Article Lead Image

How 10 Shiba Inus made it to the top of a super-sketchy hottie-rating site

For a few sweet hours, Girls on a Map became Doges on a Map.


Lorraine Murphy

Internet Culture

Posted on Jan 21, 2014   Updated on May 31, 2021, 8:43 pm CDT

On the one hand, crowdsourcing is a great way to source tons of free content for your website. On the other, there’s a thin line between a crowd and a mob. 

The dudebros at sexytime-vacation mapping site GirlsOnAMap must have thought they had the idea of a lifetime when they realized they could get their own users to upload pictures, locations, and other identifying information about various girls, and for awhile (a short while) it actually worked that way.

The site, designed as a sort of vacation planning tool for straight men looking for straight girls (as opposed to straight boys looking for straight women), asks its users to upload pictures of hot girls (“18+ only!” it says). It offers Facebook integration, for those who would rather steal women’s photos directly off their own profiles than upload them from their own computers. 

“Connect with Facebook,” it trumpets, “so we can keep track of your ratings.” It also says “100% anonymous,” so I’m not sure how that works.

There’s a space to add your own tips about the woman and/or location, and then you pin it to the map, tail-on-donkey style. You can also vote in polls like “How down [tf] are the girls?” Currently there is nowhere on the map that has more than six girls listed.

The “Make money partying” section of the site is interesting. You can rent yourself out as a wingman or host a pub crawl for sex-starved touristbros where, presumably, you will use the Map to find the Girls.

So far, so douche. 

Then one day media manager Jane Ruffino of Dublin infographic creator startup GetBulb noticed them and recognized misogyny in action. She saw an opportunity in the crowdsourcing, and she went for it, big time. 

As detailed in a Jan. 17 article on Medium, Ruffino used Facebook to encourage her contacts to upload pictures of cute dogs in sweaters to the site, pup-bombing it and rendering it useless as a sex prospecting site. 

Hi, this is the worst startup idea ever on the planet so far. Please help everyone on earth who is a human by uploading pics of cute animals in sweaters because I think we could at least turn it into a geolocated “puppy street style” thing.


Because the site relies on submissions from the public, it was unable to detect or stop the inundation, and was soon awash in photos of—literally— hot bitches.

That’s when someone reached out to tell Ruffino that her own photo was on the site, and that she was ranked a mere 4.2.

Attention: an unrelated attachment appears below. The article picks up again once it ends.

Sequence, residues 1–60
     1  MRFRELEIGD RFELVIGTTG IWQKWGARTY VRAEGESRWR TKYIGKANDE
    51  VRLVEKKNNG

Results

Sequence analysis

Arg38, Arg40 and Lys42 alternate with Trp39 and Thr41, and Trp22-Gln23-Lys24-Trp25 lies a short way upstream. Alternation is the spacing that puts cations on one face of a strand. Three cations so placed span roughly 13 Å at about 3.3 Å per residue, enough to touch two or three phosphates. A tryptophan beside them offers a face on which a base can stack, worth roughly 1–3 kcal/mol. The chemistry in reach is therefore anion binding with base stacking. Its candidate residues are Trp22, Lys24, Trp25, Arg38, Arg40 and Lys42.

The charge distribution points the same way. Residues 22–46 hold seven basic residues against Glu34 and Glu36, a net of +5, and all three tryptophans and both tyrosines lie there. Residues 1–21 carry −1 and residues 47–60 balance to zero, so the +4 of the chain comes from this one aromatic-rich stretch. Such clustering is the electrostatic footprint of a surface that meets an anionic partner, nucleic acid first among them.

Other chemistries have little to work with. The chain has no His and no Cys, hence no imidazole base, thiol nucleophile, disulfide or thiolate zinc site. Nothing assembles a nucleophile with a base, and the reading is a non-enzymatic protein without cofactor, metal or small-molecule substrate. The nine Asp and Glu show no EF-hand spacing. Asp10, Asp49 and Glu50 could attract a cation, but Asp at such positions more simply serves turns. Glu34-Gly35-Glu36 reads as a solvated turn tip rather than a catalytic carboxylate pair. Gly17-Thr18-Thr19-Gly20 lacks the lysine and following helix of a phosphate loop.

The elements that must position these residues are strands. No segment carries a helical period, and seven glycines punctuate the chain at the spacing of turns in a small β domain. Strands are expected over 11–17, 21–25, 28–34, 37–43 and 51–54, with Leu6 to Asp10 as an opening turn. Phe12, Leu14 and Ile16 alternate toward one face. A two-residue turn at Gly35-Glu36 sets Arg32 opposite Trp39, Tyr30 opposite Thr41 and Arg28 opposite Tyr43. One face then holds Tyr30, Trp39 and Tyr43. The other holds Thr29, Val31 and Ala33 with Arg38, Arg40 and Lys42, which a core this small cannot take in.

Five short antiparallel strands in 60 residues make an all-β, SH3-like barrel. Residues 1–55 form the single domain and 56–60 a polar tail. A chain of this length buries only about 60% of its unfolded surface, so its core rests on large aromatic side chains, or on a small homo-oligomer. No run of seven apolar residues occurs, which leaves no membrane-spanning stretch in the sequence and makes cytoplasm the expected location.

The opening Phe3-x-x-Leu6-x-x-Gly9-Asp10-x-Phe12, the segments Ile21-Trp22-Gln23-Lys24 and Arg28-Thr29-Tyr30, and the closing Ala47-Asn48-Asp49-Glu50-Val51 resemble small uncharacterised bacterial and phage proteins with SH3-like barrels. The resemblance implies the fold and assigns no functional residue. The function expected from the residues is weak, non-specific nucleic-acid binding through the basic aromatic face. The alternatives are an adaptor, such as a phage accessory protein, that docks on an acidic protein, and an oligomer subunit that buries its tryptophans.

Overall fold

I did not respond politely, nor should I have.

I mailed them and demanded that they take it down, and then my lawyer stepped in. The bros immediately tone-policed me on twitter, but I know when to pass things off to someone whose job it is to deal with them.

The founder gave Ruffino the old “I’m a feminist” routine, to which she responded by referring them to her lawyer. Her picture is now gone. In fact, according to the site, there are no girls in Dublin at all (although if there were, they would be moderately easy).

Once the tweets had flown, the other feminist pup-uploaders went into hyperdrive. For a brief, glorious period the “Hottest Girls in the World,” a row of pictures selected by software using the poll results, were all exactly the same picture of Doge, the world’s favorite Shiba Inu meme.

I bet they’d be down for some heavy petting.

In her article, Ruffino explained that she had no tolerance for self-labeled feminists who are responsible for “rapey bullshit,” and that the solution wasn’t for women and feminists to avoid misogynistic sites altogether; the solution was to mock those sites with their own weapons, exactly as the doggy initiative had done. 

“It isn’t the rating system, it’s the way that they are trying to build a roving gang of sexual privateers and make it easy for stalkers and violent dudes to humiliate, frighten, or endanger women. Telling us to log off is basically telling us to stop existing.”

Ruffino says that in this case, the good guys won. The site, however, is still online, and still showing a number of pictures that are clearly taken from women’s Facebook profiles, presumably without consent. These photos are then provided to the users of GirlsOnAMap as sexual destinations, complete with tips and ratings out of 10. Once you add in the pub crawl service, you start to get something that looks like a one-stop shop for stalking.

Maybe someone should upload some guard dogs.

Photo via yuyatamai/Flickr

Share this article
*First Published: Jan 21, 2014, 9:39 pm CST